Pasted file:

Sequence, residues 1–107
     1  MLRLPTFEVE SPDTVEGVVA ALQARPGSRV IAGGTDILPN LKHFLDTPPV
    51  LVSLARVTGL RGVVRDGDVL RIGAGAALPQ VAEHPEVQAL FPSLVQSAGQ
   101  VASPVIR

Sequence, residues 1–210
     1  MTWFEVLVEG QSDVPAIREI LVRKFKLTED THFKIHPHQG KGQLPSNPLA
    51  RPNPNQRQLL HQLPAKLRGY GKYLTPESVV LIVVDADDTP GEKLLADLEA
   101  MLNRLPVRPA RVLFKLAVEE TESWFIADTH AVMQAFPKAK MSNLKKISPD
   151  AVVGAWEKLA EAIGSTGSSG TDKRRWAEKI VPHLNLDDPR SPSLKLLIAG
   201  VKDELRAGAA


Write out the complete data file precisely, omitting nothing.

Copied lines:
Sequence, residues 1–107
     1  MLRLPTFEVE SPDTVEGVVA ALQARPGSRV IAGGTDILPN LKHFLDTPPV
    51  LVSLARVTGL RGVVRDGDVL RIGAGAALPQ VAEHPEVQAL FPSLVQSAGQ
   101  VASPVIR

Sequence, residues 1–210
     1  MTWFEVLVEG QSDVPAIREI LVRKFKLTED THFKIHPHQG KGQLPSNPLA
    51  RPNPNQRQLL HQLPAKLRGY GKYLTPESVV LIVVDADDTP GEKLLADLEA
   101  MLNRLPVRPA RVLFKLAVEE TESWFIADTH AVMQAFPKAK MSNLKKISPD
   151  AVVGAWEKLA EAIGSTGSSG TDKRRWAEKI VPHLNLDDPR SPSLKLLIAG
   201  VKDELRAGAA